Author Topic: Smart Watches  (Read 2260 times)

0 Members and 1 Guest are viewing this topic.


  • Moderator
  • *****
  • Posts: 962
  • Gender: Male
    • View Profile
  • Current Gig: Project Manager, Systems Integration
  • Experience: Former SM
Smart Watches
« on: Oct 29, 2017, 02:42 am »
Hey folks, question for the group out there and one to provoke some discussion.  On the subject of smart watches: how much have these made it into your rehearsal rooms and performances? 

Have you adopted one as part of your work process?  What are the pros and cons?

How do you handle actors wearing them during rehearsal and what is their effect on the rehearsal process (e.g. distractions from notifications while in scene)?   
Get action. Do things; be sane; don’t fritter away your time; create, act, take a place wherever you are and be somebody; get action. -T. Roosevelt


  • Permanent Resident
  • *****
  • Posts: 471
  • Gender: Female
    • View Profile
  • Affiliations: AEA, AGMA, SMA, USITT
  • Current Gig: Freelance SM in Denver
  • Experience: Professional
Re: Smart Watches
« Reply #1 on: Oct 29, 2017, 03:20 pm »
Right now my director has a smart watch and it's actually been quite disruptive. He's also trying to do things at too many theatres at once, plus has had a sick child, so very often it could be important what's on the other end. I think a stage manager might handle it better and more subtly, as we're in the phase where he's giving a lot of direction rather than runthroughs. I know actors who've had them, but I believe they've turned off notifications or ignored them (or simply weren't popular! Ha.).


Michelle R. Wood

  • SM Expert
  • ****
  • Posts: 163
  • Gender: Female
    • View Profile
    • website
  • Affiliations: EMC, East Carolina University
  • Current Gig: Resident Stage Manager at Temple Theatre
  • Experience: Professional
Re: Smart Watches
« Reply #2 on: Nov 09, 2017, 11:24 am »
I've had a few actors with them and honestly didn't notice them or see them as distraction: if anything, people were more likely to put their phones away and not check them so much since the watch would let them know if anything major important was happening. I don't see people nearly as focused on the watch as the phone (probably due to the lack of screen size).
"Genius is 1% inspiration and 99% perspiration." -- Thomas Edison (Harper's Magazine, 1932)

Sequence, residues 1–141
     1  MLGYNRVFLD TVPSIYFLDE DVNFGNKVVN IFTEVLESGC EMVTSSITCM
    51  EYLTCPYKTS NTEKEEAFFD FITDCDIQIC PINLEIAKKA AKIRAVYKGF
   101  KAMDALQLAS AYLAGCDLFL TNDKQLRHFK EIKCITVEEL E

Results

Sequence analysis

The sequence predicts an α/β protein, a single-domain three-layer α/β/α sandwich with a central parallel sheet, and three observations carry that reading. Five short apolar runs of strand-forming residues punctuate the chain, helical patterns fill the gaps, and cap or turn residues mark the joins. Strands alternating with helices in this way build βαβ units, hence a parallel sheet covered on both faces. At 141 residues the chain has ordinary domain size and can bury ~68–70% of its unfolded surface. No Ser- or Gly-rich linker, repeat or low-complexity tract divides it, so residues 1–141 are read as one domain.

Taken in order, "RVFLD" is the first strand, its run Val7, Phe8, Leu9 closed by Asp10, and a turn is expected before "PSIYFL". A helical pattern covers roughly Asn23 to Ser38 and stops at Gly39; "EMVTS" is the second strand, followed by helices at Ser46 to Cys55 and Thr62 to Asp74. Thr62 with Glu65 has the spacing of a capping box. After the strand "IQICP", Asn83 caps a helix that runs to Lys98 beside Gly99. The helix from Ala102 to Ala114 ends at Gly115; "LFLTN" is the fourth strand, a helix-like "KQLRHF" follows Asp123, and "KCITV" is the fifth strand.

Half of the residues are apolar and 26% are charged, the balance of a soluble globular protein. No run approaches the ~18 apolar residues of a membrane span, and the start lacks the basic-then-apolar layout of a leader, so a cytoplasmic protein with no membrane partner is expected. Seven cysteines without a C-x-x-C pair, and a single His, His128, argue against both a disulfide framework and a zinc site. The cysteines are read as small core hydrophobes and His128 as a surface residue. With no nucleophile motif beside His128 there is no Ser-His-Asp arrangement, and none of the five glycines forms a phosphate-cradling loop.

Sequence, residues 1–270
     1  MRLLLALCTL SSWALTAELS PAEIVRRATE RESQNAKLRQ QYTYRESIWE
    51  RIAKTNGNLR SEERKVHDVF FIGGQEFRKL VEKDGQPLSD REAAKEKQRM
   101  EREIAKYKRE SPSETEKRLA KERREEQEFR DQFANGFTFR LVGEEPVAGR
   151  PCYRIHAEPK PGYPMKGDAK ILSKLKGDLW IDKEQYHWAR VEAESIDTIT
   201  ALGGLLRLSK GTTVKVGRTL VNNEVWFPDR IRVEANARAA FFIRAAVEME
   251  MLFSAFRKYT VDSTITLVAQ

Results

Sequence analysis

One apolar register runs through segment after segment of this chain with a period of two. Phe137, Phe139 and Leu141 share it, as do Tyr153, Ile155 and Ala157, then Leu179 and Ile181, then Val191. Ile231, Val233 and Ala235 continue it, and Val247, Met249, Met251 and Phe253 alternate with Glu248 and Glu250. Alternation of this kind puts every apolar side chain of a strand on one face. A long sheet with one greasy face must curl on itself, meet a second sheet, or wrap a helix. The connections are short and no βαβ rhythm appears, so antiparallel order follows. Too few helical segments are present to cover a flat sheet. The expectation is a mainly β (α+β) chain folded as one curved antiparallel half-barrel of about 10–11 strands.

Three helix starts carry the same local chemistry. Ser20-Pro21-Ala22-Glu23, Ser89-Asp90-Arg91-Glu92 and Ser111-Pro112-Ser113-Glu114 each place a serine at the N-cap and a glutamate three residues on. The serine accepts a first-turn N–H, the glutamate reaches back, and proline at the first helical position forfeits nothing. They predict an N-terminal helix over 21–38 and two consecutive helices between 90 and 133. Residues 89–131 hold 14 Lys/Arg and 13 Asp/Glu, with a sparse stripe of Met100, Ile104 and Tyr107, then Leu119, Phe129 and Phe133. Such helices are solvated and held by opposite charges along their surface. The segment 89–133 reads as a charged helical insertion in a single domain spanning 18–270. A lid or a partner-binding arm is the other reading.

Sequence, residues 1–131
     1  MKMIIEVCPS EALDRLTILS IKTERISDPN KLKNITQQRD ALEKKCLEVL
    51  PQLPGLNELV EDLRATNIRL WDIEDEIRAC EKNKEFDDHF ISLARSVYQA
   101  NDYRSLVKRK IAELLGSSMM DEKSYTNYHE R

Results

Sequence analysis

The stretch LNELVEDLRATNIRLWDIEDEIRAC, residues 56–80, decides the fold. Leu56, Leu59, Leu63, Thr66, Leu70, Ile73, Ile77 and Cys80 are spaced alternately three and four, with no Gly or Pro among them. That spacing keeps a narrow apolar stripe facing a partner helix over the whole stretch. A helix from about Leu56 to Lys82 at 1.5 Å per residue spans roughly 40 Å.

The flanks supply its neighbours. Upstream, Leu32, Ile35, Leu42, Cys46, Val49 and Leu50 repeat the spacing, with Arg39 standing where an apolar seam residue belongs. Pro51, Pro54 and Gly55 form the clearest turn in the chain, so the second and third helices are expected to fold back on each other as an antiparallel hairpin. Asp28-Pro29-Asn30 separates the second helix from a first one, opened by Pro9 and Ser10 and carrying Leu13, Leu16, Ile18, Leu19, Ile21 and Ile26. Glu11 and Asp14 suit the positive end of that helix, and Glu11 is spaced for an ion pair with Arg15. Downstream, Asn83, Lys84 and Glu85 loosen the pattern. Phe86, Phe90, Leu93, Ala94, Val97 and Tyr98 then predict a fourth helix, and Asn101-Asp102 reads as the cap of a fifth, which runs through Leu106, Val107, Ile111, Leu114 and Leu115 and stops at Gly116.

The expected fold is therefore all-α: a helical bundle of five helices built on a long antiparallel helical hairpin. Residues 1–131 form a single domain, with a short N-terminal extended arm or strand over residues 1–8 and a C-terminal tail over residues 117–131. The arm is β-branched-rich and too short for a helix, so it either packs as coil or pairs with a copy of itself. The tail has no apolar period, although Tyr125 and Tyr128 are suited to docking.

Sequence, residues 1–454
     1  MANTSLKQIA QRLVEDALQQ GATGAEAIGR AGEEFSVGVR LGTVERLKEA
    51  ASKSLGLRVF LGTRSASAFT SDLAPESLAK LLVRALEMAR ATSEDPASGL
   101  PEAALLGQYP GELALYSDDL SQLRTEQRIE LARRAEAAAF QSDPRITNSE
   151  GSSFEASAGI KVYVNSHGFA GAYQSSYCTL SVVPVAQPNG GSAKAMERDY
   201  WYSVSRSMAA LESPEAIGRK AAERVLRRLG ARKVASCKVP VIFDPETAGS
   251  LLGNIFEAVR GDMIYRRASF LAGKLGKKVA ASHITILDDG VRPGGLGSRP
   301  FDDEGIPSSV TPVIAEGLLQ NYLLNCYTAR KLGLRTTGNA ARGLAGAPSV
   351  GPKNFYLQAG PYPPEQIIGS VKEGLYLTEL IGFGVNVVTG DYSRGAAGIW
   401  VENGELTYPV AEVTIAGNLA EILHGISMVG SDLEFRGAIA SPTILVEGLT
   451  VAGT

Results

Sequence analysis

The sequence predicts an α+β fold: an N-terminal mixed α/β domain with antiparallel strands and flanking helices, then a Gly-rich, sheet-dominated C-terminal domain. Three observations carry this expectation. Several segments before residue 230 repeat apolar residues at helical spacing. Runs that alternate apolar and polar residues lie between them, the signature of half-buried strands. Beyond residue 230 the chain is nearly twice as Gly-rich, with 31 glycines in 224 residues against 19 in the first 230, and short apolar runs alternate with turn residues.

• New to Town
  • **
  • Posts: 7
  • Gender: Female
    • View Profile
  • Experience: College/Graduate
Re: Smart Watches
« Reply #3 on: Nov 27, 2017, 07:49 pm »
I've been using them in my rehearsal process for about a year now. They are amazingly helpful with reminding me when it's time for a break. They are also very useful when I have to give my calls to actors during performances: I just set an alarm on my watch for when I need to give a call and I haven't missed one yet.


  • New to Town
  • **
  • Posts: 16
  • Gender: Male
    • View Profile
  • Current Gig: Stage Manager at The Rondo Theatre
  • Experience: Community Theatre
Re: Smart Watches
« Reply #4 on: Nov 07, 2018, 08:49 pm »
Sorry to bring up an old thread... but it's been a year now and smart watches are getting better.

In some ways they're frustrating — for example, I really wish mine had *seconds* on a digital watch face, is really that too much to ask?!

But overall they're great. For example it has the best stopwatch I've ever seen, with four completely different visual modes to display the same data, depending on the situation is.

I love being able to leave my phone at my desk while still being able to make and receive calls/text messages... those are a distraction during a show but they're oh so important in the couple of hours before the show starts. When someone's car breaks down and needs to be picked up, it's invaluable to receive that call immediately instead of being greeted by a voicemail whenever I happen to be at my desk next. And I like not having to check my phone regularly to see if there are any voicemails.

Once the show does start, simply flip the "do not disturb" switch and the distraction is gone. My pre-show procedure includes a reminder to do that.

When I work as crew, I like how mine (an Apple Watch) is available in an entirely black model, with no white writing or shiny silver or glow in the dark dots that would prevent me wearing a typical watch during a scene change. It even has a theatre mode where the screen stays off unless you tap the touchscreen with a finger. I like to run a stopwatch for the length of each act and take note of how many minutes into the show each of my tasks usually happen. When I have a break, I find it easier to relax if I can glance at my wrist and see how much longer I've got before needing to be in position.

I frequently use the voice assistant to take notes when I haven't got my pen and paper handy. Usually I just set a reminder to write something down later on.

I feel like there's a lot more I could use it for - there are smartphone apps for stage management but none for a watch that I’ve seen. And it seems like a smartwatch plus wireless headphones could be part of a perfect comm system. But even without those things it’s already indispensable to me.
« Last Edit: Nov 07, 2018, 09:00 pm by abhibeckert »


Related Topics

  Subject / Started by Replies Last post
7 Replies
Last post Apr 25, 2010, 07:44 pm
by Thespi620
1 Replies
Last post Feb 20, 2010, 07:45 pm
by Cedes
7 Replies
Last post Sep 23, 2015, 07:25 am
by dallas10086